Kweku Baako will continue to be one of my heroes in this country. This is somebody who is supposed to be a member of CPP, but whose contribution to public discourse is so rich, so analytical, and so inspiring, so objective, fearless in expressing issues, and always avoiding personality attacks and threats.

I’m told Kweku Baako does not have even a first degree. I have a number of degrees. But I wish to get to half of the depth of the intellectual capacity held by Kweku Baako.

He is what I will call a self-educated personality, well read, and informed. I look forward to seeing most of our university and college students growing to become the likes of Kweku Baako, strategic thinking, potent analysts, matured statesmen and women who put Ghana first before their partisan sympathies.

If we have self-confident people in this country, so many people would never have been elected into governance. If we had independent thinkers filling our schools, voting in this country will be violence-free, and people would have taken wiser decisions than we are seeing presently.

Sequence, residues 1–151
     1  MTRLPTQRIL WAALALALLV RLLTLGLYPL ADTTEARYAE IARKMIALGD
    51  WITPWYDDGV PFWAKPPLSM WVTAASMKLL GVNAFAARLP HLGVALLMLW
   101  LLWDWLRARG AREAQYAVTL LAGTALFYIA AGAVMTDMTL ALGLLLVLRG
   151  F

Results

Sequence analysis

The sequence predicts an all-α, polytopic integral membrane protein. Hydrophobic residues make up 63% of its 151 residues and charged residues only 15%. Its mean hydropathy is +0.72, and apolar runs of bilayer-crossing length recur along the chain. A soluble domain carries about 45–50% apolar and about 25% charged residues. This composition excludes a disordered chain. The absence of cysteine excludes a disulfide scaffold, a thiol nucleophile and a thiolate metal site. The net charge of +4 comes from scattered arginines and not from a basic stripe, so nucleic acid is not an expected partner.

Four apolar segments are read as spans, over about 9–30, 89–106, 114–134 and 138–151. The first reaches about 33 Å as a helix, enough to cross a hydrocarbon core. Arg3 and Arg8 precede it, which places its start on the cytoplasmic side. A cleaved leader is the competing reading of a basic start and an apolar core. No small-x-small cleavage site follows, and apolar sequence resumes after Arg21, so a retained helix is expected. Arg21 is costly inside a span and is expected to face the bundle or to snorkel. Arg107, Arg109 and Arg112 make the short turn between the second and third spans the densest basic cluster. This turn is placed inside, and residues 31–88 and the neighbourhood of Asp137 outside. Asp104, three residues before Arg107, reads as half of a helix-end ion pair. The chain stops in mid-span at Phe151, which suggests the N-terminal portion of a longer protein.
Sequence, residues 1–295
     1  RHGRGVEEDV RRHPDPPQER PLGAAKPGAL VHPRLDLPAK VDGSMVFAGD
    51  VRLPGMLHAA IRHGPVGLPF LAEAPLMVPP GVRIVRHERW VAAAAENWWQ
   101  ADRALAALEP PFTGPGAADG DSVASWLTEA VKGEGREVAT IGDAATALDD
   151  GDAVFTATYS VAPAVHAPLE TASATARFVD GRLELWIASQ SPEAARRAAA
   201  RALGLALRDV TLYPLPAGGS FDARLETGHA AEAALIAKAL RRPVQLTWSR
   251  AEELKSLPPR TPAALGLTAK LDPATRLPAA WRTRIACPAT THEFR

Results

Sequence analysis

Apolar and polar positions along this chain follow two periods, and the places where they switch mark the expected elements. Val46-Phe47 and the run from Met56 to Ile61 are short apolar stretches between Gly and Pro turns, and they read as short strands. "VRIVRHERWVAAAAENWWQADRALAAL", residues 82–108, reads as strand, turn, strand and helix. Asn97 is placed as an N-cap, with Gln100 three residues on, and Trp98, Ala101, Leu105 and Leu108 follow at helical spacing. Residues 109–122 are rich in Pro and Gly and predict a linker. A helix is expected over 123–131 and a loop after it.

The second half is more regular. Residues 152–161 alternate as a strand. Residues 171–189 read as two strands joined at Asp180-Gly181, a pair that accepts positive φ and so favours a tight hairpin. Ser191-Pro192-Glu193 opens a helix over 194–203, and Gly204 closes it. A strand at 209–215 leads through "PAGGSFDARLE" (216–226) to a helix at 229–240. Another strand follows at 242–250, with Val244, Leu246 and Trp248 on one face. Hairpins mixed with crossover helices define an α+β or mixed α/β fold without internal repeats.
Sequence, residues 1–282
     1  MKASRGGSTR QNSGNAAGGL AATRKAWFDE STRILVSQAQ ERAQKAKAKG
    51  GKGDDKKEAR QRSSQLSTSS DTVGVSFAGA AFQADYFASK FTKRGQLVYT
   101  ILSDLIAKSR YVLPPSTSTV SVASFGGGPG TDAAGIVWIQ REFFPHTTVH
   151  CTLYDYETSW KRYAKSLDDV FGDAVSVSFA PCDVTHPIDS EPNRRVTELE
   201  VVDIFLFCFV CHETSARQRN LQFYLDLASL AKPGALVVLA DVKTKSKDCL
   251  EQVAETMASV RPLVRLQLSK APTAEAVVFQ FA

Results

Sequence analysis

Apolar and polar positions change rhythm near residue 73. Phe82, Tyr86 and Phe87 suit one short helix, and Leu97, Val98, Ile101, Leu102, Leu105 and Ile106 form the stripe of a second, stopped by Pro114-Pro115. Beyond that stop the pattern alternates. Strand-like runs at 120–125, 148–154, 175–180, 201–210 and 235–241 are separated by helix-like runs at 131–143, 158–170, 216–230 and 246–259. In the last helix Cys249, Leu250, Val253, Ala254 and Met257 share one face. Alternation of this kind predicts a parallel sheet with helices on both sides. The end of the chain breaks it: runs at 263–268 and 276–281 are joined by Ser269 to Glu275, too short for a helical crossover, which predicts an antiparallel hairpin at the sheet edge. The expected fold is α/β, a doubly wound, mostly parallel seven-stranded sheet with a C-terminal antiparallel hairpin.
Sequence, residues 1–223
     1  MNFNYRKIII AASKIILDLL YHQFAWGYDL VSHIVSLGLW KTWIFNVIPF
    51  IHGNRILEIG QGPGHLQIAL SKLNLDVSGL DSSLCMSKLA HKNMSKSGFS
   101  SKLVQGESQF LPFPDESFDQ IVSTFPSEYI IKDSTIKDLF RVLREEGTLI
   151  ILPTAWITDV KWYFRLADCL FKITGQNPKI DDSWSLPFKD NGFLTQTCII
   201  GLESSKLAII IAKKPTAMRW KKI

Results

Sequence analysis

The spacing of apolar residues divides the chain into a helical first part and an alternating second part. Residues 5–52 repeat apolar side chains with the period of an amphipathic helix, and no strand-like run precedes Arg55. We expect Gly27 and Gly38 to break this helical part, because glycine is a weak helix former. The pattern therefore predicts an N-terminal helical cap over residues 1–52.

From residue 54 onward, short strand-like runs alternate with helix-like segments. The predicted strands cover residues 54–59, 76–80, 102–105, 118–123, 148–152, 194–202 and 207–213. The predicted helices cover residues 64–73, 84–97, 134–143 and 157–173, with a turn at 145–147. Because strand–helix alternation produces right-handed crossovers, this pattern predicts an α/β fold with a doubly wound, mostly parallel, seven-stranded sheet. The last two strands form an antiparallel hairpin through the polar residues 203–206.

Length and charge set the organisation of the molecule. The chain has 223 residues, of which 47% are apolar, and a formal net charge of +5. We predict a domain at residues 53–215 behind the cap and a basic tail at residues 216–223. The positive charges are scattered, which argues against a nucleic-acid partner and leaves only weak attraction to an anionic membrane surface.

The world has become a very complex market. Transactions have become very technical. Contracts are emerging in such impeccable technical details, and analysis, that people who sign these documents themselves needs to be extremely analytical in order to follow proceedings, and in order to vote.

We need a self-reliant mindset in order to make informed decisions, and to be able to put the interest of Ghana first. We need well read individuals, we need critical thinkers, people with serious attention to detail, to govern, and to make laws for Ghana.

I have said in a previous article that education is not only the passing of examinations. Education is not only the collection of knowledge. Education also includes a thorough personality, a square confidence of the self and of the predictive future. Education includes the adaptive abilities of the individual to provide and propose solutions to problems regardless of the circumstances.

I have a lot of fears for Ghana. Sometimes I have wondered if we know we are just about destroying this country. We have all become so selfish, to the extent that we do not care about the future implications of any of our actions or inactions. We are only thinking about ourselves, and the political parties we belong to.